Sunday, February 26, 2012

Good News, Bad News Update

The Good News: I got ice cream for lunch!

The Bad News: my bloodwork from this morning sucked, so I have to have another blood transfusion.

What the Hell Happened

Last Tuesday night may have been one of the worst of my life. Soaking my feet in ice water had stopped being effective for a couple of days, but I still did it, mostly to try and numb the constant burning and throbbing that radiated up from my feet and hands and was gradually spreading up my limbs.

Minute by agonizing minute, the night ticked by. I’d drift off to sleep for twenty minutes until a twitch or jerk would send a fresh ripple of pain. Just the weight of the blankets was painful.

The wife finally came in around six am to check on me and quickly noticed that I’d soaked the sheets in sweat. She ran out to get the thermometer and it wasn’t long after that I was bundled in the car and headed to the hospital.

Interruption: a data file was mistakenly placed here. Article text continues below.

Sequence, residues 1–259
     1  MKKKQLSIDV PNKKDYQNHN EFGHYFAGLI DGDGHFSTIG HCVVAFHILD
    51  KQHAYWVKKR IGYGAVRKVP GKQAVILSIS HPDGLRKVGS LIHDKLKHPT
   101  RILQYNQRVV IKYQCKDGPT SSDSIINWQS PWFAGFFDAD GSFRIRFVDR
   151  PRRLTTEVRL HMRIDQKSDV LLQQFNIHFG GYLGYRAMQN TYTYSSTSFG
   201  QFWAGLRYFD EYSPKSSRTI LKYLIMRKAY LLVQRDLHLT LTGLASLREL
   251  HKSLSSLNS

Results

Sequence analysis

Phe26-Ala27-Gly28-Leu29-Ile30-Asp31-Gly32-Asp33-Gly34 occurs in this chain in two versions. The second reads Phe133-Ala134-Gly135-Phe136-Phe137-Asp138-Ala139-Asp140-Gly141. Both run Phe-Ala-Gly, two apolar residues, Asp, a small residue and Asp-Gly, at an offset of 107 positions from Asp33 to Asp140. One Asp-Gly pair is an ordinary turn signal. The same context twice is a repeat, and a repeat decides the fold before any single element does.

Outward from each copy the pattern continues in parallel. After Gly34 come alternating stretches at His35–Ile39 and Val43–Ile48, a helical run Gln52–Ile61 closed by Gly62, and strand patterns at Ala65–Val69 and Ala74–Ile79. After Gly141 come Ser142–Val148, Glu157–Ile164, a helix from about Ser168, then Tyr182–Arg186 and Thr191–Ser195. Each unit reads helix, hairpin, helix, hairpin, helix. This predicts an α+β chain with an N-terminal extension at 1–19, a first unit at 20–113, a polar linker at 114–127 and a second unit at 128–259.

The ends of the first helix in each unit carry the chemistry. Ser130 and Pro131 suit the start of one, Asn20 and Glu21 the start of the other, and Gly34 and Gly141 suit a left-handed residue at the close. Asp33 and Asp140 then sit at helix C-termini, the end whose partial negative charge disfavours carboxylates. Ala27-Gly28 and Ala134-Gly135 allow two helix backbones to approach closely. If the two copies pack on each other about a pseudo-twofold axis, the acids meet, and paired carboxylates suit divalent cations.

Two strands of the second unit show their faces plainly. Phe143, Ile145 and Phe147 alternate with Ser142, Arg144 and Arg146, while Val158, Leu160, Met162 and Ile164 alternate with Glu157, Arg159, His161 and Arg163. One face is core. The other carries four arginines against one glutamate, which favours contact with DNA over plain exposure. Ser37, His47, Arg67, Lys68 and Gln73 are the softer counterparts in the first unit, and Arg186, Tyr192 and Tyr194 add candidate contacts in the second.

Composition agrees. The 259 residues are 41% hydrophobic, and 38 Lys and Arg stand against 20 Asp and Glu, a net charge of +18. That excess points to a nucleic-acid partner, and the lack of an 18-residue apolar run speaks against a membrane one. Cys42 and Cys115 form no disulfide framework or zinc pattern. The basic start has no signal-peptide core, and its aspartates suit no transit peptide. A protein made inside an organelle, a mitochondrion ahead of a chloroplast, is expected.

Chemo kicks the crap out your white blood cells, which help you fight off disease. This leaves you very vulnerable to infection and all chemo patients have this card that tells you what to do in case of fever. If you have to go to an ER, you present this card and they don’t make you wait for 6 hours in a room full of infectious sick people. Luckily, we didn’t have to go to the ER this time; we had called ahead and were rushed right up to oncology where they checked me out and the next thing I knew I was admitted.

Since we’d gone in such a rush, I had nothing but the clothes on my back and my e-reader. I also spent my few days in the transplant ward (also a place where infection is very dangerous) which didn’t have wifi.

Quick run down on the medical stuff. One blood transfusion later and my blood counts are slowly rising plus I haven’t had a fever in a couple of days. And in a development that made me freakin’ ecstatic, this morning they gave me a break from the IV for the first time in four days! It is amazing how much you come to loath those dragging those things around.